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Big price to pay for poor crisis management: Botsman

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Fear, suspicion and disenchantment are deadly viruses that spread fast when companies fail to respond quickly and take ownership of mistakes, as has happened with the Facebook data breach, writes Rachel Botsman, globally renowned trust expert and author of Who Can You Trust?

The details around Cambridge Analytica secretly harvesting the personal data of more than 50 million users will eventually become a distant memory – but the real damage of the incident will remain as Facebook is missing the big picture around the trust breach.

The initial revelations of the Cambridge Analytica data harvesting scandal broke almost a year ago in an investigation by The Guardian, without provoking the level of outrage and concern seen right now. Why do we experience apathy until we feel the cumulative impact of serious scandals and breaches that push us to ask the right questions?

We have seen time and again that scandals and breaches rarely lead to changes in user or customer behaviour. For instance, we get angry with the banks when we find out they have committed yet another episode of unethical behaviour, but do we move our money elsewhere? We point the finger at Uber when scandals are revealed, but how many of us delete the app?

The outrage and disillusionment sparked by the Cambridge Analytica scandal is likely to drive many people to carefully check and alter their Facebook privacy settings. And that’s a good thing. It may be enough to push some users off the platform all together. But will they also delete other Facebook-owned apps such as Instagram and WhatsApp? I don’t think so, as has often been the case, convenience trumps trust.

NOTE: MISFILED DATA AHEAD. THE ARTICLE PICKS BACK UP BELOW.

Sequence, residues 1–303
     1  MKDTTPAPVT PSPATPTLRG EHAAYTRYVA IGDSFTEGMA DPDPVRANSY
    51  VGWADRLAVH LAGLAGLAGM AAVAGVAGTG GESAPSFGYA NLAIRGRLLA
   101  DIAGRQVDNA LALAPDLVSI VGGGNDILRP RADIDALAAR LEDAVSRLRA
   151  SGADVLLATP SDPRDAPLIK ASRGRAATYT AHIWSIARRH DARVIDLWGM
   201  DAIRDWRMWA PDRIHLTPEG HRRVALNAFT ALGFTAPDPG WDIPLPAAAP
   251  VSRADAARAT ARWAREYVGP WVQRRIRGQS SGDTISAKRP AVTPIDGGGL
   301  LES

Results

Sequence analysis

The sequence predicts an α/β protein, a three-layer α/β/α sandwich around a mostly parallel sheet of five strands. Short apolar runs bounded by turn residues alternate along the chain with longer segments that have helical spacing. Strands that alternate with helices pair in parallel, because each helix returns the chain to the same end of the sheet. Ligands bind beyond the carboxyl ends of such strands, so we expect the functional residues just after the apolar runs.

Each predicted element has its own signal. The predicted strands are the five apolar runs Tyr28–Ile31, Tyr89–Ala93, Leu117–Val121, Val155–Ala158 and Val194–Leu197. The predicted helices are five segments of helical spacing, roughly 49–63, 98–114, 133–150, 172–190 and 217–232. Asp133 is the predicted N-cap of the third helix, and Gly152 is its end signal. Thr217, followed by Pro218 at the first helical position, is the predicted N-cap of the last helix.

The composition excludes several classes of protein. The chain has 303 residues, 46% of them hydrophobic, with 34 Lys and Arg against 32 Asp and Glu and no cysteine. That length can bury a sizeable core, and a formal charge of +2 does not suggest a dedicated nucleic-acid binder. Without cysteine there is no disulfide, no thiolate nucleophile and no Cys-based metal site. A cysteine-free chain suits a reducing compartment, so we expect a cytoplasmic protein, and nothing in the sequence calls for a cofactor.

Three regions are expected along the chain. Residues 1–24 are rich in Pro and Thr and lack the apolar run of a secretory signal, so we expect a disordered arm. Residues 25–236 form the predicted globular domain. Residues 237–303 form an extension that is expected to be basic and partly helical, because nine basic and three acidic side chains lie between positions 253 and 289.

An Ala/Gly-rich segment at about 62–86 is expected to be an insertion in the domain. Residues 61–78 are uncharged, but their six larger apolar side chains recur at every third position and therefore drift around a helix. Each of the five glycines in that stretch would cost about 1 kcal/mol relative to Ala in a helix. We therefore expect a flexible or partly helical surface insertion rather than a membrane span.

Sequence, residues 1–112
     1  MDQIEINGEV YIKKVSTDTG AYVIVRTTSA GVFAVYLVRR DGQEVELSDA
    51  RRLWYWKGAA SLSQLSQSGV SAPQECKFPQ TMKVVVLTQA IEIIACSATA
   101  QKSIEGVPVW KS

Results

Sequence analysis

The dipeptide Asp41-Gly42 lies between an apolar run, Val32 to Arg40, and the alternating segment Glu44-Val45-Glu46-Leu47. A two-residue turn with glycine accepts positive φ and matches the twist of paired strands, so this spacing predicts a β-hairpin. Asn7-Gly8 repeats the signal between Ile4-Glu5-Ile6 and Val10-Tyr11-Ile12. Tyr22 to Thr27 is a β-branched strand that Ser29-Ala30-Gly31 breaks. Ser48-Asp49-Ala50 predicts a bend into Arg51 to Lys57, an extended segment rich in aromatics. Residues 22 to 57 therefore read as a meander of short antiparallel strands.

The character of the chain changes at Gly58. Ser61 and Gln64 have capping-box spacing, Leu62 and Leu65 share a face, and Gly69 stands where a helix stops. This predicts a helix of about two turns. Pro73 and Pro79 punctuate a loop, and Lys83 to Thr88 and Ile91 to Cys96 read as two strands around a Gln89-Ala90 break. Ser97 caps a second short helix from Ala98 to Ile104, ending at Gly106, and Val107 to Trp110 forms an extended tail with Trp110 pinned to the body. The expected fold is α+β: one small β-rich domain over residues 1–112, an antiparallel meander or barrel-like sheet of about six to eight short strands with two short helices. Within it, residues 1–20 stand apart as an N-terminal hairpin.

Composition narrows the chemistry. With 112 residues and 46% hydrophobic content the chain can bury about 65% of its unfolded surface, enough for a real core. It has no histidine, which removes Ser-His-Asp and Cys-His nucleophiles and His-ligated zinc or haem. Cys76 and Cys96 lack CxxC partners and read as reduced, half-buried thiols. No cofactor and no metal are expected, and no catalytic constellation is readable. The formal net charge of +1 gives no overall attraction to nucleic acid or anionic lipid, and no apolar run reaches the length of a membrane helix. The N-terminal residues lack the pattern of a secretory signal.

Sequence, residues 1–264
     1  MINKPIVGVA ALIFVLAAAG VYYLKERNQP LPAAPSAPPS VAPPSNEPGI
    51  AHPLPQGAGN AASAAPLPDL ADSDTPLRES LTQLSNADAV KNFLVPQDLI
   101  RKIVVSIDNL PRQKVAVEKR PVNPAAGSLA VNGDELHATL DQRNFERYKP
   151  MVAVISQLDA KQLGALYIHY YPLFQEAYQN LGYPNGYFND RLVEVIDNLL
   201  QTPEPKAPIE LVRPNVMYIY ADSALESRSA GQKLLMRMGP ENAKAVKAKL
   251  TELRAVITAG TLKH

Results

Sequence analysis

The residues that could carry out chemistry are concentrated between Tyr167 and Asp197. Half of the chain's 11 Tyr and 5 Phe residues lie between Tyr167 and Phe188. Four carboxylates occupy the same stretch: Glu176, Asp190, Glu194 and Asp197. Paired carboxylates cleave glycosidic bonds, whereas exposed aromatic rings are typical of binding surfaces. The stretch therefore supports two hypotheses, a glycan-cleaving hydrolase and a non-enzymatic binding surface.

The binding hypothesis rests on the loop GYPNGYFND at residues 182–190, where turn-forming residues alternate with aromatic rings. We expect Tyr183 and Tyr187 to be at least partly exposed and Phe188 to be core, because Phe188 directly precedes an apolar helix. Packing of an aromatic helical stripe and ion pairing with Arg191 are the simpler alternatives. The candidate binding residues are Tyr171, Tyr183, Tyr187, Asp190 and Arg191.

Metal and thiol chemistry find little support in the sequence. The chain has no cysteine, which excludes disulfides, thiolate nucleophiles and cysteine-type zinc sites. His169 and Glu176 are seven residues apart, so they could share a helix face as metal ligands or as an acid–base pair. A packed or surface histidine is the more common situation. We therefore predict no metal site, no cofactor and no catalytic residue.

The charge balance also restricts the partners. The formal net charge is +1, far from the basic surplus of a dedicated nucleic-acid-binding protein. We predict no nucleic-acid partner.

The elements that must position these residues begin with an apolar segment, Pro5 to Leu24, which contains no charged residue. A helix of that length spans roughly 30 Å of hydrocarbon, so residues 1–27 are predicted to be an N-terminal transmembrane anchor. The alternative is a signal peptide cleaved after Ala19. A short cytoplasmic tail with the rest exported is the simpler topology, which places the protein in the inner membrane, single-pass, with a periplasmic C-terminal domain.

The fascinating part about the unravelling Facebook story is trying to figure out what is the real story that is that causing such a brouhaha? We know fake news was spread on the platform and this played some role in the US election. But Twitter and YouTube also played a role.

Facebook also dealt with other data firestorms in the past. So why does it feel different this time? Users are fed up of the company’s defensiveness. Blame, denial and silence further erodes trust.

The divided response from executives, silence from Zuckerburg and Sandberg, flip flopping on their position, all leave us wondering – what else are they hiding?

The “what else might be lurking in the system?” will be the long term impact after the incident is itself forgotten and that is toxic when it comes to trust.

Who controls your data?

A big part of the rising tech-lash is more cautiousness about handing over personal information. However, there is also widespread apathy and ignorance when it comes to data collection and use. Why? Because it is complicated with a lot of grey areas.

It also is an age of trust on speed. We are increasingly outsourcing our trust to algorithms, platforms and apps with a single click, tap or swipe. We need to learn to take a ‘trust pause’ and ask ourselves: is this company, person or thing worthy of our trust?

Just like the banking crisis, which opened a wave of investigations and inquiries, users will want platforms to be more open and forthcoming about how their data is being used. In the past year, more than 50 countries have introduced forms of data regulation.

I think General Data Protection Regulation Policy (GDPR) is going to have enormous impact and it is something consumers clearly want. For instance, a recent survey by marketing company Pegasystems found that 82 per cent of respondents would elect to exercise their rights over data ownership under the GDPR, launching on May 25 this year across much of Europe and the UK. Hopefully, GDPR will encourage users to pause more often when sharing personal information.

However, regulation is not the only answer. As long as incentives remain the same, apps and platforms will continue to be designed around the commercial purpose of monetising their users. We need to be asking – can I trust the intentions of this company? And who really owns my data?

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